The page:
• Glory | November 16, 2013 10:34 PM

    Thanks Marco!! Your explanation can shut mouths

  • Geoffrey | November 12, 2013 8:27 PMReply

    Hated it. I'm usually a Leo fan, and I loved the 74 Redford edition, but I just cant get into Beyonce songs in a 1920's period piece. It's like if in the original when they were driving to the city the Thin Lizzy were playing "The boys are back in town" ... Maybe when Baz does a film about life on the street in the inner city, he'll choose Mozart for the soundtrack, makes about as much sense.

  • Samantha | November 5, 2013 12:23 AMReply

    This movie was really excellent in my opinion, but I hadn't read the book at the time I first watched this film.
    I admit, at first I was a little turned off by the music, but at a lot of times the "hip-hop" music was at a minimum and wasn't too noticeable during the party scenes. However, there was times where I found it too distracting, but it did not add or detract to my viewing experience. As the film went on I felt that the soundtrack's mood went very far from "hip-hop" and you started getting songs like "Over the Love", "Young and Beautiful", "Crazy In Love", and other such songs. Personally, I think the less-obnoxious songs (even though Crazy in Love is a little obnoxious, it still fits the mood) fit the film much better than the hip-hop songs used in the first hour.
    Also, I don't think criticizing a whole soundtrack based on 5 or so hip-hop songs is a good idea; there is still the entire orchestral score (which is excellent) and another whole soundtrack just full of "yellow cocktail music" used in the film. They still included music IN THE STYLE of the era in the film, just not as prominently. As another commenter said, the newer music helps to draw the youth in.

    Also, I hardly even noticed how many times Gatsby said "old sport", and the editing of the film wasn't bothersome to me at all. It's a very aesthetically-pleasing movie to watch (so much symmetry...), and I was dying to watch the film again only a week after first viewing it.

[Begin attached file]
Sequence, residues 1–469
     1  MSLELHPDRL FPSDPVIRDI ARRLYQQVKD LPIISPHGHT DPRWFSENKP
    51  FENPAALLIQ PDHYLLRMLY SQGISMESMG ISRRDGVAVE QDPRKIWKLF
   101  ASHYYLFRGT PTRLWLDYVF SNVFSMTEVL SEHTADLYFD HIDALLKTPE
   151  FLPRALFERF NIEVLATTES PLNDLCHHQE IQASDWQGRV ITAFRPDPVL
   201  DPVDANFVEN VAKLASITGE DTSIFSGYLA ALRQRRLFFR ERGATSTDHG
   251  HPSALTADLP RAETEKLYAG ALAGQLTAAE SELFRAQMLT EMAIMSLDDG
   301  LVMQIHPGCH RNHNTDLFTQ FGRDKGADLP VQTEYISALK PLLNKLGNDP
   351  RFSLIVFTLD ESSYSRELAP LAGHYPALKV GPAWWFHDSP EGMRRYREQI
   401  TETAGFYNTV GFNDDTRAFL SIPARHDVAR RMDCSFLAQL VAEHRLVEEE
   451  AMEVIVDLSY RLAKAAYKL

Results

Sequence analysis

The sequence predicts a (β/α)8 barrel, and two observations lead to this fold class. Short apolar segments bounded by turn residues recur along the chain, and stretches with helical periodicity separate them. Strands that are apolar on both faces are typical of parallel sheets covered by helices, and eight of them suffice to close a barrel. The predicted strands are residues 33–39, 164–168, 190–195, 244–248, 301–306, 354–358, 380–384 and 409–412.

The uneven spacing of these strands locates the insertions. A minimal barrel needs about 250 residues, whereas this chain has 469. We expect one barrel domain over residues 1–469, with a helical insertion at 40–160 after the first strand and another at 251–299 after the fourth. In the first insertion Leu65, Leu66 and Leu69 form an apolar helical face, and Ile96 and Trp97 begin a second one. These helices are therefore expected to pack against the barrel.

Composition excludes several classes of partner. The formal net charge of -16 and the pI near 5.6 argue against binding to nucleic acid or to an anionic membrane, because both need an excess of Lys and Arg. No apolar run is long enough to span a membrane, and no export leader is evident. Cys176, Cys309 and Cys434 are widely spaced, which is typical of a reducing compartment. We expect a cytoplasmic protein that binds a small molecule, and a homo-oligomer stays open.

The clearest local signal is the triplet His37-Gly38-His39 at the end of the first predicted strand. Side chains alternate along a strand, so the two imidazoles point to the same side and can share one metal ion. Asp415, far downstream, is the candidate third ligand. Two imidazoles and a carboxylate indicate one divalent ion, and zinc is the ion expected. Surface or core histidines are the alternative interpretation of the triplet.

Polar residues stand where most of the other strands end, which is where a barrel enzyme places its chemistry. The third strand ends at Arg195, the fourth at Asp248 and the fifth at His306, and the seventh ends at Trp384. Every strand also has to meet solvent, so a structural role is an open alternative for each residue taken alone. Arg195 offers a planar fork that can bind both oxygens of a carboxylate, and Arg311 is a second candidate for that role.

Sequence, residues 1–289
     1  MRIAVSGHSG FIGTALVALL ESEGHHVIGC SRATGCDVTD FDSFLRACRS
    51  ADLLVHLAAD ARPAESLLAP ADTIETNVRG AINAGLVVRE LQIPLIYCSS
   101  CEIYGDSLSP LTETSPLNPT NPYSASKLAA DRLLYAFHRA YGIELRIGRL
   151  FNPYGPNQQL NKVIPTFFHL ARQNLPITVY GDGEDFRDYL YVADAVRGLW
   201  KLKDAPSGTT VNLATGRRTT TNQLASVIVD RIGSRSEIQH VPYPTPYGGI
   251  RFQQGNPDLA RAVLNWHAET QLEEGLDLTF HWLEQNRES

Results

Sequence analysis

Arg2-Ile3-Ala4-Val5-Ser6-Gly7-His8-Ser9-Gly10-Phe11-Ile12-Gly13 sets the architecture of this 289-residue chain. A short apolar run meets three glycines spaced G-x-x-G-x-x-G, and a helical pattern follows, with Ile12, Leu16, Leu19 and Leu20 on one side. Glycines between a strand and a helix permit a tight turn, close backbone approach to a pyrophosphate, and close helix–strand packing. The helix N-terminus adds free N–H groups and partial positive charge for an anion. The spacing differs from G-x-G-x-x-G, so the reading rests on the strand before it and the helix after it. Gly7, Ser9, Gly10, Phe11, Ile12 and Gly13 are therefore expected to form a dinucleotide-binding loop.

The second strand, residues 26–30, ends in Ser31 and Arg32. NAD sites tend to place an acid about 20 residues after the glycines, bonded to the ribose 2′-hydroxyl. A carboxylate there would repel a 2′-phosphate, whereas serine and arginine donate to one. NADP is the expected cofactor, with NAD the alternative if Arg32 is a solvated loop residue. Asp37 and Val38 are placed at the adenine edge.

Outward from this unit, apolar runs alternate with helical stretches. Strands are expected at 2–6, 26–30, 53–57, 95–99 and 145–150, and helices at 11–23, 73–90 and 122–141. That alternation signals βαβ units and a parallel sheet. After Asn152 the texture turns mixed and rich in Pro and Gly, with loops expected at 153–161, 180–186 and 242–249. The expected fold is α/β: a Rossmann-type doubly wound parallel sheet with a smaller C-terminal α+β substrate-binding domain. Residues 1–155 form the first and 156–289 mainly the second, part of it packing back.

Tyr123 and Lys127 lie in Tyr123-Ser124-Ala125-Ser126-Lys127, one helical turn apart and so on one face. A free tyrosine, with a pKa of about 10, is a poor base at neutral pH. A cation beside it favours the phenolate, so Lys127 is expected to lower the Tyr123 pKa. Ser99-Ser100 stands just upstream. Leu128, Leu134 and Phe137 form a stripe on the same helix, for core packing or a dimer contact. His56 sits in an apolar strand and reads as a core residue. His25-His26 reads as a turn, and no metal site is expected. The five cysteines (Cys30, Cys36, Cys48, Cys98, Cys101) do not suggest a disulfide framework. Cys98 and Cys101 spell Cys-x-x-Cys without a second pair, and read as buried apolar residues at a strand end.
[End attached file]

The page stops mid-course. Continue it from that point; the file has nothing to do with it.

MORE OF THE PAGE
• Tea Drinker | October 31, 2013 10:15 AMReply

    I'm speechless. How could you miss the greatness of this movie? I've never seen a movie that nearly executes the visions in my mind's eye when reading the respective book.

    One important note about the music... you totally missed it. If it were exclusively 1920s music the movie would have felt dated and would fail to draw you into the moment of the 20s. Sound contradictory? It's not. This is one of those rare circumstances when going "accurate" would actually distance you from the accuracy of the era. The music of the 20s was new in the 20s and captured the "party" emotions that typified the era. The problem is that we're living 90 years ahead of that time, and if you play 1920s music I think of great grandma and goldbond. Doesn't really capture the spirit of the 20s does it? However, tastefully sprinkle in modern party music, queue Jay-Z and will.i.am, suddenly I feel like I'm in the 20s as someone who was experiencing the era for the first time. Nostalgia should have nothing to do with this film and the music hit the nail smack on its head.

    How could you miss that? No vision.

    JF

  • Lily | January 15, 2014 12:25 AM

    If they used music from the 1920s then it would feel like it was set in the appropriate era; using the appropriate and accurate music of that era could also could have captivated a new audience, exposing viewers to a genre of music that isn't appearing on the top ten charts.

    On the one hand you could say Baz was trying to "use the newness of rap as a metaphor for jazz/swing" (I think that's what you are trying to say?), but it felt like Baz just picked a few top ten artists, put in their music as remixed stuff and stuck it in his film (as he's done with past films)- and partly because I think he just wanted to lure in people in their 20s and under. But then he could have looked away from the top ten general hits chart and gone down the Electro Swing route and used Alice Francis, Parov Stelar, Caravan Palace but NOPE.